Tuesday, June 21, 2011


Vic Armijo / Time Station 39, Bloomington, IN
June 21, 2011

“Good, good.
I feel good.

Everything is good.”

The crew in the Mighty RAAM Media 1 van found Christoph Strasser today, on his way in to time station 39 in Bloomington, Indiana. His arrival there at 3:36pm EST today marked his 2263rd mile.

The big news is that Strasser, with a current overall average speed of 16.22mph, continues to have the long-standing RAAM record of 15.4mph in his grasp. If he can continue to hold his pace for the remaining 726 miles, he’ll be the fastest since Pete Penseyres way back in 1986. But within those remaining miles are some of the toughest in RAAM. The Appalachians of West Virginia are especially daunting. Unlike the sustained climbs of the western states where a racer can develop a rhythm and where there are long descents where a rider can recover, the hills of West Virginia and into Maryland, with one climb after another, are like doing hill repeats for 200 miles.

We hadn’t seen RAAM solo male leader since Montezuma, Kansas, over 700 miles ago. And he seemed genuinely happy to see us as we pulled alongside and asked how he was feeling. His response was emphatic, “Good, good. I feel good. Everything is good.” And we sincerely believe him. He looks like someone out on weekend ride. His cadence is high; he’s solid in the saddle and not drooping over the bike as many RAAM riders are by this distance into the race. And it’s evident that he’s doing everything that he can to trim those crucial seconds; he stands and powers over the tops of the climbs, he tucks in tight to the bike on the descents, and he shifts up and pedals hard on those descents—everything that a racer would do in a “normal” race. This isn’t to say that he’s immune to fatigue, “A little bit sore, yeah,” He admitted, “Some saddle-sores, the legs of course, the feet. But not too much. Everything is within the normal range for such an event.”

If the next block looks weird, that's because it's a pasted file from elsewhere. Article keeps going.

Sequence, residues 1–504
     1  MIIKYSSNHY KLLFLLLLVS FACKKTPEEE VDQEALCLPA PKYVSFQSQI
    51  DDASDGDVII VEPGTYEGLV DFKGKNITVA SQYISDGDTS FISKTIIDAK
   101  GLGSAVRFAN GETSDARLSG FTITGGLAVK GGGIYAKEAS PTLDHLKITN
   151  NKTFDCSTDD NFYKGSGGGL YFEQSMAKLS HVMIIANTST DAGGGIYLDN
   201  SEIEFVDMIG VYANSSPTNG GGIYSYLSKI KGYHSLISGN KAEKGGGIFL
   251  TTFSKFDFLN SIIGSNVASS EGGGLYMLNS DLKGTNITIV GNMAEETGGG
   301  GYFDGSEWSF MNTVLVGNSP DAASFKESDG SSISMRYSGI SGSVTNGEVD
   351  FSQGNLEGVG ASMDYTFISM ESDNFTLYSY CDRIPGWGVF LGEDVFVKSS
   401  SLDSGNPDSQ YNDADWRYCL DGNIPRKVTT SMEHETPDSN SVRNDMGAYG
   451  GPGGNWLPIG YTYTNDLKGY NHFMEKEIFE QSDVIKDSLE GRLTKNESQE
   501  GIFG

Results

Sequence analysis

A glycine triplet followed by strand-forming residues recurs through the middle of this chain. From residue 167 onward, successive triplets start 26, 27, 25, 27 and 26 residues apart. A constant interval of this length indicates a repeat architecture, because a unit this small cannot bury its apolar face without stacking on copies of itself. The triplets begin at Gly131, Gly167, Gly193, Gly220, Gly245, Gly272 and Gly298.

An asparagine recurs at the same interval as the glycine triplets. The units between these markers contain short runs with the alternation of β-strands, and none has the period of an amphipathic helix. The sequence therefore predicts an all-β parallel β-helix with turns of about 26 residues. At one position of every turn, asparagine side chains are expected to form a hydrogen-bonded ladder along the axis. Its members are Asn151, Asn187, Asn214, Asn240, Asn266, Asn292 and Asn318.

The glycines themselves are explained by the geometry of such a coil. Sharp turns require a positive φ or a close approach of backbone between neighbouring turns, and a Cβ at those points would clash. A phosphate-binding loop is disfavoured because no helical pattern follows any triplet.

To keep such a pace means minimizing his off-the-bike time. Strasser explained how manages that aspect, “I sleep for about one hour twenty minutes per night. My crew is so good trained and working well. I don’t do anything, I lay myself down and when I wake up everything is done. I am prepared. They put the clothing on. They do everything for me. I just have to go up and ride.”

There you have it. Strasser is proven to have the speed to win RAAM 2011 and to possibly break the speed record. He certainly has the crew. And what he has accomplished so far shows that he has the sheer determination for the job. In setting his 1986 record, everything came together in sync for Penseyres; his fitness, his equipment, the weather and that dash of luck that is always a part of racing, all came together in what Penseyres described as “the perfect storm.” Whether fortune is kind to Strasser remains to be seen. But as I sit here clicking away on my lap top in Bloomington, Strasser has been gone for about ninety minutes. And the wind, showers and possible thunderstorms that the National Weather Service promised us this morning seem to be arriving. The next 24 hours will be crucial for Strasser. We here in the Mighty Media 1 van will do our very best to keep you fans posted.

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